The duel between COVID-19 and mRNA vaccines — what lies ahead?

In the ECCMID 2022 Pfizer Integrated Symposium “The science of mRNA COVID-19 vaccines: paving the way for a new prevention paradigm”, the focus was on reviewing the evolution of the COVID-19 pandemic management so far, as well as preparing for the future. Experts discussed the changing variant landscape, the evidence for booster shots and the potential future scenarios for SARS-CoV-2.

The rationale for boosters

The vaccines against SARS-CoV-2 were developed at an unprecedented speed, and they were a game changer for managing the pandemic from the public health viewpoint. However, SARS-CoV-2 continuously evolves and new variants are emerging. Variants of interest are especially those with mutations in the spike protein, as such mutations could affect the infectiousness of the virus as well as its ability to evade the immune system (Kupferschmidt, 2021).

The rapid emergence of new variants observed with SARS-CoV-2, combined with waning vaccine-induced immunity over time, poses a challenge for pandemic management. A reduction in vaccine protection was observed as the Delta variant started to spread, especially in countries where the interval between the first two doses had been shorter (Figure 1; Goldberg et al., 2021). This gave rise to the need for periodically boosting vaccine induced immunity. Boosters seem to be able to offer enhanced protection beyond the primary vaccination series (Falsey et al., 2021; Mielke et al., 2022; Tartof et al., 2022).

Vaccine efficacy in the Omicron era

Omicron is very different from previous SARS-CoV-2 strains. The neutralization capability of currently available vaccines seems to be decreased for this variant (Kupferschmidt, 2021; Muik et al., 2022). Boosters seem to be capable of restoring, although not enhancing, this neutralization capability (Muik et al., 2022). Additionally, there is some evidence that immunity against severe disease is maintained by the adaptive immune system (Gao et al., 2022).

Clinical data from the United Kingdom shows that although vaccine-induced immunity against reinfection is now declining again with the Omicron variant, vaccine efficacy against severe disease and hospitalization seems to remain high in most populations after boosting (Figure 2; UK Health Security Agency, 2021).

Future of SARS-CoV-2

Experts forecast that instead of complete eradication of SARS-Cov-2, the virus will likely become endemic. In such a case, immune escape, waning immunity and uneven vaccine distribution would likely be the main drivers of SARS-Cov-2 circulation in the population (Phillips, 2021). Results from a common cold coronavirus show the virus evolves to evade immunity induced by earlier versions of the virus, facilitating reinfection (Eguia, 2021).

The global health threat posed by SARS-Cov-2 in the future depends on several factors, including whether it will retain its virulence and whether there will be reservoirs for zoonotic transmission. Future scenarios also depend on the global vaccine strategy employed today: by aiming for high rates of immunity in the global population and preventing vaccine stockpiling in wealthy countries, the evolution and spread of new variants may be reduced (Figure 3; Wagner, 2022).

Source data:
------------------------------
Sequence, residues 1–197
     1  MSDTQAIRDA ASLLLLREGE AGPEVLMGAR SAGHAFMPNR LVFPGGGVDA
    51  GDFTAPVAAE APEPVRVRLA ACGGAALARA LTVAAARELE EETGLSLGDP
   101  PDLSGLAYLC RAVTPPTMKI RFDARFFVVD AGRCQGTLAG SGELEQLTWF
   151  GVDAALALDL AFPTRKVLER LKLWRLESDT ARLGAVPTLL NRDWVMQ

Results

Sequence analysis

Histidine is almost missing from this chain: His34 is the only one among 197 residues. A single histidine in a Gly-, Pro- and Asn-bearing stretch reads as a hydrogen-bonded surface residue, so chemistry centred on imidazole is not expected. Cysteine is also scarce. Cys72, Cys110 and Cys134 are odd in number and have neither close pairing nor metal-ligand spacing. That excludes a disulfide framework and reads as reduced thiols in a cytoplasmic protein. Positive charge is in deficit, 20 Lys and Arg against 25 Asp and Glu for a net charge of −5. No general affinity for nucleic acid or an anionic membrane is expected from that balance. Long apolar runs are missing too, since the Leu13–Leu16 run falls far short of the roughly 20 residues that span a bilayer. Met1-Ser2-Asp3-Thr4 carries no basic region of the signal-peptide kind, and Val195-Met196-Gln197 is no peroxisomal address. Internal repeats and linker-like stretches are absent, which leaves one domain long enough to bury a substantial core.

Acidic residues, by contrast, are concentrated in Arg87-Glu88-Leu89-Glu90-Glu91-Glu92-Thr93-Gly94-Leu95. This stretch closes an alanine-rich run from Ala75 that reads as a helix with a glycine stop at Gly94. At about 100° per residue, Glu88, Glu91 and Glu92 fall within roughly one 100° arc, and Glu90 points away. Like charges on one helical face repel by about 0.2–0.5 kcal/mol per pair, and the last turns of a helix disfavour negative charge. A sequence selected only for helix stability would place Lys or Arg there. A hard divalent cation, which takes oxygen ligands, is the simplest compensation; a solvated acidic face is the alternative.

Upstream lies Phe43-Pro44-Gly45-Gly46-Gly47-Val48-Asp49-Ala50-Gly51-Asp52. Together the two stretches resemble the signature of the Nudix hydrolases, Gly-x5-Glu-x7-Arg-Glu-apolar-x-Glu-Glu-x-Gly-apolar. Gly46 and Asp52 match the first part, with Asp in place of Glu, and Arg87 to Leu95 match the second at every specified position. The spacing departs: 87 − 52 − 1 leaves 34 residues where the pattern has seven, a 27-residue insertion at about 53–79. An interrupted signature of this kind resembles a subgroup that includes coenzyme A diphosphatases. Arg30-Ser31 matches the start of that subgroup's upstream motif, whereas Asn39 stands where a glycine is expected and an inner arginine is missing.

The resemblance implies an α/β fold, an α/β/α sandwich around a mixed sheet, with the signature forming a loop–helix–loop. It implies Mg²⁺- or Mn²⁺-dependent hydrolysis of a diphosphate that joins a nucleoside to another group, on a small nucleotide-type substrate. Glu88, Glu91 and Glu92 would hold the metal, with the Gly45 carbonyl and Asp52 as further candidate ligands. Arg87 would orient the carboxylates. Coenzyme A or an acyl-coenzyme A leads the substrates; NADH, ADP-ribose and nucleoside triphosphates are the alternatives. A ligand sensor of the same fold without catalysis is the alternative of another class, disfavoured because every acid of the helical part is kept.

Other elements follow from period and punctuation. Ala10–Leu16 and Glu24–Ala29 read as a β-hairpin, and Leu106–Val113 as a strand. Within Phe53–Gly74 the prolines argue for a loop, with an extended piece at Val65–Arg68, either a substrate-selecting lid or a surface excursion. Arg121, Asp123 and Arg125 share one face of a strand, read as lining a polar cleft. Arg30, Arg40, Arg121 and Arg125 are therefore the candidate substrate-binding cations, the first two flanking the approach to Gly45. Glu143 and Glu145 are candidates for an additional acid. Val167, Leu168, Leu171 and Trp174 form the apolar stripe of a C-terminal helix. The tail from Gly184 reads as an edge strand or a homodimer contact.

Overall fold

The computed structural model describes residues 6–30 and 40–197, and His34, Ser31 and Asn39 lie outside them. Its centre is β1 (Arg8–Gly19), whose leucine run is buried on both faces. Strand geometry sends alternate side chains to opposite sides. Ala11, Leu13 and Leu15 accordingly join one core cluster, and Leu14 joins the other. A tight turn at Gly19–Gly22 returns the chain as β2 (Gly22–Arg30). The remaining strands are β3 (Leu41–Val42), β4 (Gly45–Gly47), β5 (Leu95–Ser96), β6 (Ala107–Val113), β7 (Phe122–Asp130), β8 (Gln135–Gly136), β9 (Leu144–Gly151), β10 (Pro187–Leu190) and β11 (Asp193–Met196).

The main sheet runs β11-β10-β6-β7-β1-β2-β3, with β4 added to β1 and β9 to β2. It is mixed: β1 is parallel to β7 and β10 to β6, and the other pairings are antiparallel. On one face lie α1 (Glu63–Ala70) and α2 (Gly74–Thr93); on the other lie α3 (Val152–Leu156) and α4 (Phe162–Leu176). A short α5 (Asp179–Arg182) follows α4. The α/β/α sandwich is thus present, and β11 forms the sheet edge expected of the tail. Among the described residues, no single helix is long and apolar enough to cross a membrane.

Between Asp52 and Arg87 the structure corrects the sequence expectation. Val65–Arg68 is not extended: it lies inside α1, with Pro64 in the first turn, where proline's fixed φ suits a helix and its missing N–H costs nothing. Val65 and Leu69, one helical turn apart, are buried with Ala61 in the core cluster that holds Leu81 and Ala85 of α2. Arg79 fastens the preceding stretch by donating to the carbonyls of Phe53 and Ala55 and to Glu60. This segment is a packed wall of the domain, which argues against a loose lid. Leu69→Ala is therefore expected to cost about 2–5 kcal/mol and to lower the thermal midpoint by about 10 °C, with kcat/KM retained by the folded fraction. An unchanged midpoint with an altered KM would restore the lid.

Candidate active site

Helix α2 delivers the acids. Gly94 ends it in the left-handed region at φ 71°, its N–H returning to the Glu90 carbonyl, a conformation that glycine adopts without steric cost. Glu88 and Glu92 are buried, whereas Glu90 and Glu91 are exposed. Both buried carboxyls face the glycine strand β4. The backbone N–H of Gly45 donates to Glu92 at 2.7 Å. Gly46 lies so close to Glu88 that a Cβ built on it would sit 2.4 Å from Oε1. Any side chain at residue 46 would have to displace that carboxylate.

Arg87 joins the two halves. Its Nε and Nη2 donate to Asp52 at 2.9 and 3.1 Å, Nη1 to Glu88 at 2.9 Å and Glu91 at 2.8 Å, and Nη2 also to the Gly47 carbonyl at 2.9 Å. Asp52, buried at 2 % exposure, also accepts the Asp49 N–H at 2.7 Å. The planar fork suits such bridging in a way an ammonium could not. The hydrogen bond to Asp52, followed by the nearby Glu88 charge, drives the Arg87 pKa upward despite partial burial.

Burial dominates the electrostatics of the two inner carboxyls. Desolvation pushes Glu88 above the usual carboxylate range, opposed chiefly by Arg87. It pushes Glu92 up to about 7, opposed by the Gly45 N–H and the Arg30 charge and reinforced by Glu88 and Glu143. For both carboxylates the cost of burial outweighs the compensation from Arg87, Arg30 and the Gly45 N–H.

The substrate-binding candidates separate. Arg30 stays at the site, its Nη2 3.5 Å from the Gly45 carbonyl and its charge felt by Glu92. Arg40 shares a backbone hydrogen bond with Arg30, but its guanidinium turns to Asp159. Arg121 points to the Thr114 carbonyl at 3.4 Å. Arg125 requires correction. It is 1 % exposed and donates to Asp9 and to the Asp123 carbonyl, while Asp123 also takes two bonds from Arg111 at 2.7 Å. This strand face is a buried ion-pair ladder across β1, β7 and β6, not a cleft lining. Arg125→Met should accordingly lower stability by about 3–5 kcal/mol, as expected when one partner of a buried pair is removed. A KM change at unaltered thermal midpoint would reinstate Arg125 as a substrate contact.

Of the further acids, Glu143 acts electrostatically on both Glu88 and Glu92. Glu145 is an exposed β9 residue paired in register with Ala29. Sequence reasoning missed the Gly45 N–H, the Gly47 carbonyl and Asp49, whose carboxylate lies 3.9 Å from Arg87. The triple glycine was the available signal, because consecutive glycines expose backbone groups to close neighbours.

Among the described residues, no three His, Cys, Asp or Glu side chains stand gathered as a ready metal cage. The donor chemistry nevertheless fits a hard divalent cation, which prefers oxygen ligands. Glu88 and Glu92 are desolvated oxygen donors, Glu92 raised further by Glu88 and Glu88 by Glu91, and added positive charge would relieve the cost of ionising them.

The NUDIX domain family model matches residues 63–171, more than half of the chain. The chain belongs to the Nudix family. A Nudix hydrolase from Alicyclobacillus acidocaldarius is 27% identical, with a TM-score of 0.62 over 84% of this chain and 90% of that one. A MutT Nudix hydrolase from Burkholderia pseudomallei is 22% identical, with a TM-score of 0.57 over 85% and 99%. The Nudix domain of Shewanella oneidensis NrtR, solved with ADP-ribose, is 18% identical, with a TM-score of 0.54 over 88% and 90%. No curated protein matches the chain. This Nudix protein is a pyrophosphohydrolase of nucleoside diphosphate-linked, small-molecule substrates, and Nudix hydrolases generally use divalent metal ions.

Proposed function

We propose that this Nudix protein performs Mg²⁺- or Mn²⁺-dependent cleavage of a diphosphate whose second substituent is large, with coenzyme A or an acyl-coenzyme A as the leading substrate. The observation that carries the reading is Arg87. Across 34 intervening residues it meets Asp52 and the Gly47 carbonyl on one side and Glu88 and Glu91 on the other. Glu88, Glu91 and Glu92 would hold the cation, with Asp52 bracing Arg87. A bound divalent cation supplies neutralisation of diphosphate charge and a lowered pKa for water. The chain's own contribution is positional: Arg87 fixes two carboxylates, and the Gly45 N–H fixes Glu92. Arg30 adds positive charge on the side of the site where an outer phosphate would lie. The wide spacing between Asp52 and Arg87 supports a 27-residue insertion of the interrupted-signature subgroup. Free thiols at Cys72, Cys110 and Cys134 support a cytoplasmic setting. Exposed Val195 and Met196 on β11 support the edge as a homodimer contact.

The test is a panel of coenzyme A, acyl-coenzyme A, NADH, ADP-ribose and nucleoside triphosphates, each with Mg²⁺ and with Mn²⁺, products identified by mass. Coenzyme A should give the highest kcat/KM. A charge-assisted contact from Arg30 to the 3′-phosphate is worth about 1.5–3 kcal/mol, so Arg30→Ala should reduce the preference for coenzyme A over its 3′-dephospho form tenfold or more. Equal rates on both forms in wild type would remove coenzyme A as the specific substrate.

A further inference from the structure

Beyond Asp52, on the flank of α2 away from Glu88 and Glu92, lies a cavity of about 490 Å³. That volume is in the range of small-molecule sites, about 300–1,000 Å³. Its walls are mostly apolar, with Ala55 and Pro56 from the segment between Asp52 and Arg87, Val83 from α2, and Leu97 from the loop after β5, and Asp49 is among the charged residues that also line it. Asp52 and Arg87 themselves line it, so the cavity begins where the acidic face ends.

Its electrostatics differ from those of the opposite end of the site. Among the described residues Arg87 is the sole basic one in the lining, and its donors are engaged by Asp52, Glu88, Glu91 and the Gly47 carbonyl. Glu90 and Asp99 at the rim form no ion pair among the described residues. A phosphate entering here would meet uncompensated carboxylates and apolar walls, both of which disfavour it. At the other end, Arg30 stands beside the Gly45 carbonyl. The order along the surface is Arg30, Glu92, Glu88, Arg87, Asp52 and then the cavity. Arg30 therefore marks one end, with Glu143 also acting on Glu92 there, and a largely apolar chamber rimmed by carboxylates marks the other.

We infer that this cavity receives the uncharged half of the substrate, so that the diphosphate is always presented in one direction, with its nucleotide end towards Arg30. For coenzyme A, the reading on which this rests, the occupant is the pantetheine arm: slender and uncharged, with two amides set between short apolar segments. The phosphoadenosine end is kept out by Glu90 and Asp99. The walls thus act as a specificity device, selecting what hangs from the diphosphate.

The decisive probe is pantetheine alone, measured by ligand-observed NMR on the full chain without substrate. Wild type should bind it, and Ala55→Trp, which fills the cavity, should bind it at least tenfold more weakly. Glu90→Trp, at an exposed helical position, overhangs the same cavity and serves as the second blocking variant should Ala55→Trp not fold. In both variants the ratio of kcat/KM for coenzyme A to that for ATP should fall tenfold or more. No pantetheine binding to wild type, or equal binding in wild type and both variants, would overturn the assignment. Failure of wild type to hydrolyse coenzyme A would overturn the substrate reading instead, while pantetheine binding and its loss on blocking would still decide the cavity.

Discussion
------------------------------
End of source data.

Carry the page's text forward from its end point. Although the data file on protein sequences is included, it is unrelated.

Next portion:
ECCMID 2022 References:

Dynamic nature of SARS-CoV-2 variants. Federico Martinón-Torres (Spain). Presented at ECCMID 2022 on 25 April 2022.

The role of boosters in a changing environment. Romina Quercia, Pfizer Employee (United Kingdom). Presented at ECCMID 2022 on 25 April 2022.

Potential public health impact of COVID-19 vaccines at the individual and population level. Itamar Grotto (Israel). Presented at ECCMID 2022 on 25 April 2022.

Additional references:

Comirnaty Summary of Product Characteristics Oppdatert 21.07.2022

Eguia RT, Crawford KHD, Stevens-Ayers T, et al. A human coronavirus evolves antigenically to escape antibody immunity. PLoS Pathog. 2021 Apr 8;17(4):e1009453. doi: 10.1371/journal.ppat.1009453 

Falsey AR, Frenck RW Jr, Walsh EE, et al. SARS-CoV-2 Neutralization with BNT162b2 Vaccine Dose 3. N Engl J Med. 2021 Oct 21;385(17):1627-1629. doi: 10.1056/NEJMc2113468

Gao Y, Cai C, Grifoni A, et al. Ancestral SARS-CoV-2-specific T cells cross-recognize the Omicron variant. Nat Med. 2022 Mar;28(3):472-476. doi: 10.1038/s41591-022-01700-x

Goldberg Y, Mandel M, Bar-On YM, et al. Waning Immunity after the BNT162b2 Vaccine in Israel. N Engl J Med. 2021 Dec 9;385(24):e85. doi: 10.1056/NEJMoa2114228

Kupferschmidt K. Evolving threat. Science. 2021 Aug 20;373(6557):844-849. doi: 10.1126/science.373.6557.844

Mielke N, Johnson S, Bahl A. Boosters reduce in-hospital mortality in patients with COVID-19: An observational cohort analysis. Lancet Reg Health Am. 2022 Apr;8:100227. doi: 10.1016/j.lana.2022.100227

Muik A, Lui BG, Wallisch AK, et al. Neutralization of SARS-CoV-2 Omicron by BNT162b2 mRNA vaccine-elicited human sera. Science. 2022 Feb 11;375(6581):678-680. doi: 10.1126/science.abn7591

Phillips N. The coronavirus is here to stay - here's what that means. Nature. 2021 Feb;590(7846):382-384. doi: 10.1038/d41586-021-00396-2

Tartof SY, Slezak JM, Puzniak L, et al. Effectiveness of a third dose of BNT162b2 mRNA COVID-19 vaccine in a large US health system: A retrospective cohort study. Lancet Reg Health Am. 2022 May;9:100198. doi: 10.1016/j.lana.2022.100198

UK Health Security Agency. SARS-CoV-2 variants of concern and variants under investigation in England Technical briefing: Update on hospitalisation and vaccine effectiveness for Omicron VOC-21NOV-01 (B.1.1.529). 31 December 2021. Available at:

Wagner CE, Saad-Roy CM, Grenfell BT. Modelling vaccination strategies for COVID-19. Nat Rev Immunol. 2022 Mar;22(3):139-141. doi: 10.1038/s41577-022-00687-3